Corporate election

I spent several posts (starting here) describing my journey in and out of Calvinism — specifically, the neo-Reformed version. I left because I came to believe two things about the Bible and predestination. One, the Bible doesn’t set out to give a comprehensive understanding of predestination, what it is, or how it works. (There are lots of things we try to make the Bible say that it simply has no interest in saying.)

Two, to the degree the Bible does speak about predestination, it paints a very different picture.

And while we’re doing things in pairs… the Bible (as I understand it) differs from Calvinism on predestination in two key ways, both of which I alluded to in an earlier post:

  1. Calvinism views predestination as primarily an individual affair, by which God preemptively hand-picked certain people for salvation.
  2. Calvinism see predestination as both the means and the end, rather than as a means by which God makes it possible for any and all to come to him.

Both problems can be resolved by something known as the “corporate view of election.”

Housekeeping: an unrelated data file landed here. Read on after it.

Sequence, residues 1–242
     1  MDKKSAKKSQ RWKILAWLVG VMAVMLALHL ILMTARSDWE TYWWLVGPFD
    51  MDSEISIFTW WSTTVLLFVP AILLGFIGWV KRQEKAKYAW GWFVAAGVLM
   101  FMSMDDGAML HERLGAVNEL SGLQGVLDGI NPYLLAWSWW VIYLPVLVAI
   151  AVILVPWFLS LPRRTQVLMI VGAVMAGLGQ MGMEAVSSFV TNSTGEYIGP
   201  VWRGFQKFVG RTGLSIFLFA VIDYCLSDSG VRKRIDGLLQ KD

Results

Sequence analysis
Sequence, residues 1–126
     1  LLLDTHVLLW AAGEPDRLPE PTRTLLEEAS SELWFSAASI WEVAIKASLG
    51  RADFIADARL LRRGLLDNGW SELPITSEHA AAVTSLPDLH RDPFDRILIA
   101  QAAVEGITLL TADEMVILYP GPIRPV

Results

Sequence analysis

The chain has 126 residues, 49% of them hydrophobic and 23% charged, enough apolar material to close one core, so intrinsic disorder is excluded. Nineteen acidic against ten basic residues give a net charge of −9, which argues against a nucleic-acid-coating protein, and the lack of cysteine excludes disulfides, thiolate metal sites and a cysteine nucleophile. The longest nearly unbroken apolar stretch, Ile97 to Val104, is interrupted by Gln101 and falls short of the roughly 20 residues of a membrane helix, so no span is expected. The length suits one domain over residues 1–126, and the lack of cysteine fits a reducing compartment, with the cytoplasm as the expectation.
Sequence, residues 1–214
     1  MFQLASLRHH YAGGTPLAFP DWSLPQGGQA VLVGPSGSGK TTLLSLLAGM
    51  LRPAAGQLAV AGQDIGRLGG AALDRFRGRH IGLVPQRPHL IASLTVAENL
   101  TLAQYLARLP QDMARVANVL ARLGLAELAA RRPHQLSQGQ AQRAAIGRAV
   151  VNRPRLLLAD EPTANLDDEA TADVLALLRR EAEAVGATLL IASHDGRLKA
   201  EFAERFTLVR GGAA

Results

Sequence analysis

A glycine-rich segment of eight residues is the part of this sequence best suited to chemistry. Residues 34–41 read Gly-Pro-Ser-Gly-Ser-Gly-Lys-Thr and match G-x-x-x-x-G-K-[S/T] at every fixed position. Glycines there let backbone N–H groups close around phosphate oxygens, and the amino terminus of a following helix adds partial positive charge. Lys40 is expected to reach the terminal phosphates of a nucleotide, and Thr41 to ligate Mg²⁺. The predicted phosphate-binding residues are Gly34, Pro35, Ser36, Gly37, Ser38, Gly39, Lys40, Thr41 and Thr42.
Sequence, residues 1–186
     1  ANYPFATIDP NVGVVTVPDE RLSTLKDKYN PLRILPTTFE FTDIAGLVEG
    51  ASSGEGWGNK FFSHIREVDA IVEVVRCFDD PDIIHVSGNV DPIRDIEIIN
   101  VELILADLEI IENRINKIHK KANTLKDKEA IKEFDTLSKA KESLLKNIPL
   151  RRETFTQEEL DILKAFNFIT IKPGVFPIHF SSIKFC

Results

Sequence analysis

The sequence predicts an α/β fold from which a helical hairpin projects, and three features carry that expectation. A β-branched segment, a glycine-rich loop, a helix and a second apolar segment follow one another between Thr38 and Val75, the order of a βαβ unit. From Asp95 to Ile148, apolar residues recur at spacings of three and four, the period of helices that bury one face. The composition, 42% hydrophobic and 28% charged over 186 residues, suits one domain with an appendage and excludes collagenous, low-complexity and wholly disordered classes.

Just what is corporate election? Well, not the best name ever, for starters. Especially in the wake of the now infamous Citizens United case.

Basically, the corporate view of election says that God predestined there would be a redeemed community called the church, but he did not determine in advance the individual composition of that group.

This view stands in contrast to both to the traditional Calvinist perspective (that God predestined individuals) AND the traditional Arminian view (that God saw in advance who would choose him and predestined them on the basis of his foreknowledge — though some Arminians accept the corporate view instead).

The video below is a helpful intro to the corporate view of election, courtesy of Paul Eddy and Greg Boyd, pastors at Woodland Hills Church in Minnesota. They say basically everything I have to say about the corporate view, only better and more succinctly. But I’ll still give it a shot.


(Thanks to Kurt Willems for highlighting this video on his blog last year.)

Leave a Reply

Fill in your details below or click an icon to log in:

WordPress.com Logo

You are commenting using your WordPress.com account. Log Out / Change )

Twitter picture

You are commenting using your Twitter account. Log Out / Change )

Facebook photo

You are commenting using your Facebook account. Log Out / Change )

Google+ photo

You are commenting using your Google+ account. Log Out / Change )

Connecting to %s